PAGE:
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Honouring Holocaust victims is an important reminder of work left to do to eradicate racism

January 27, 2016

Observing the UN International Day of Commemoration in memory of the Victims of the Holocaust

Today is the International Day of Commemoration in Memory of the Victims of the Holocaust. It’s a day to remember the genocide that resulted in the murder of millions of Jewish people in World War Two, along with the systematic killing of people with disabilities, Roma persons, and many other minority groups across Europe and Asia.

Updated creed policy gives guidance on protecting rights

December 10, 2015

Toronto – The Ontario Human Rights Commission (OHRC) today releases an updated Policy on preventing discrimination based on creed. The OHRC introduced its first policy on creed in 1996. Since that time, Ontario society has grown increasingly more diverse and there have been many important legal and social developments. The update reflects today’s issues and changes to case law, and provides expanded information in areas like Indigenous Spirituality and creed-based profiling.

History teaches us that difficult conversations about religion must start from respect and inclusion, not hate and division

December 10, 2015

Today is International Human Rights Day—the day the United Nations General Assembly adopted the Universal Declaration of Human Rights. The human rights movement was a direct response to widespread antisemitism which ultimately led to the Holocaust. By adopting the Universal Declaration in 1948, Canada and the international community rightly said, “Never again.”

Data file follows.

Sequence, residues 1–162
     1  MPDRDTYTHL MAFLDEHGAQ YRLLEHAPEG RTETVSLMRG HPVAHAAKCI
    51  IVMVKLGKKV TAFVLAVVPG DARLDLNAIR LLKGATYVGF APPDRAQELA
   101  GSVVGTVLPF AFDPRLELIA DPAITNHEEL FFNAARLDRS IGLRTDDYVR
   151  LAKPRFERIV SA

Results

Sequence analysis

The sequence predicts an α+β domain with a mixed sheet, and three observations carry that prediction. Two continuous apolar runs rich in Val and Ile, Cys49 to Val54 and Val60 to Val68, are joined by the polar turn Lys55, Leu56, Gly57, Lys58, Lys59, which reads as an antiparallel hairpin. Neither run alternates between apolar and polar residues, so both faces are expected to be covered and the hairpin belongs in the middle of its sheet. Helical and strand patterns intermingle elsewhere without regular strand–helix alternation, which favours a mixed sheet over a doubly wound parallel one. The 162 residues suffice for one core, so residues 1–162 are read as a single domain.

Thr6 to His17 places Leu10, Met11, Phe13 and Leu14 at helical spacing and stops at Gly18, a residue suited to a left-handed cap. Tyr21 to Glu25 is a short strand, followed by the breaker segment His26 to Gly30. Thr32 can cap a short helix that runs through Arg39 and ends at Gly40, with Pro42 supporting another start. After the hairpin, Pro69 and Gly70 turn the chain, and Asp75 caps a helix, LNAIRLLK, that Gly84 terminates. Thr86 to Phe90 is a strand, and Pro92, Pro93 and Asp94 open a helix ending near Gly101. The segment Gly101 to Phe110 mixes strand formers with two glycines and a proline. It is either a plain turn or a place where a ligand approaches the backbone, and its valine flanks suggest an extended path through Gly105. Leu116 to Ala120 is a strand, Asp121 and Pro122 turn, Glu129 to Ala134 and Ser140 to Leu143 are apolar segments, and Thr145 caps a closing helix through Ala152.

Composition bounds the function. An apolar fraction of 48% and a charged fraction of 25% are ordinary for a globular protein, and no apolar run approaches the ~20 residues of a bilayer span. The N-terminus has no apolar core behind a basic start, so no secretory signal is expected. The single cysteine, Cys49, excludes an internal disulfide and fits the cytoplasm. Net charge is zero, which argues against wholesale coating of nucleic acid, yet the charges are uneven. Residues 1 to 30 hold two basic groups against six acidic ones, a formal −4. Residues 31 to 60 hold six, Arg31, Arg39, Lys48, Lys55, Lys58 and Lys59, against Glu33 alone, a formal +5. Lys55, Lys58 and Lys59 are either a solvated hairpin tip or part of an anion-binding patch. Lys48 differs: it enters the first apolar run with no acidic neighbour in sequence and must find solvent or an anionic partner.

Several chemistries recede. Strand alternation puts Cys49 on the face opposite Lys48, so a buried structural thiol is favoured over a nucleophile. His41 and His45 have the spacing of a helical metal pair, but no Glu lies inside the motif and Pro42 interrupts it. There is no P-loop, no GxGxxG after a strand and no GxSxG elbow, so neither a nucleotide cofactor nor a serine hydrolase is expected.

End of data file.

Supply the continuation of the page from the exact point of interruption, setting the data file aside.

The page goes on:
Creed and the duty to accommodate: A checklist for accommodation providers

Before you receive an accommodation request

Minimize the need for accommodation up front by inclusively designing policies, rules, procedures, practices and spaces with everyone in mind (including people of diverse creed faiths).

Create an open, inclusive and safe environment free of discrimination and harassment so that people feel safe and welcome to express or observe their creed and ask for creed-related accommodations, without fear of reprisal or stigma. For example, you could:

Creed and human rights for Indigenous peoples

What protection does the Ontario Human Rights Code offer?

The Ontario Human Rights Code (the Code) recognizes the dignity and worth of every person in Ontario. It provides for equal rights and opportunities, and freedom from discrimination. Indigenous peoples, including status, non-status, First Nations, Métis and Inuit peoples, are included in these protections.

The Code prohibits discrimination and harassment based on 17 personal attributes – called grounds. Creed is one of the protected grounds.

Policy on preventing discrimination based on creed

This policy is a complete revision and update of the OHRC’s original Policy on creed and the accommodation of religious observances first published in 1996. It sets out the OHRC’s position on creed and accommodating observances related to a person's creed. The policy offers Ontario citizens and organizations ways to address and prevent discrimination and conflict based on creed in an informed, proactive and principled way.

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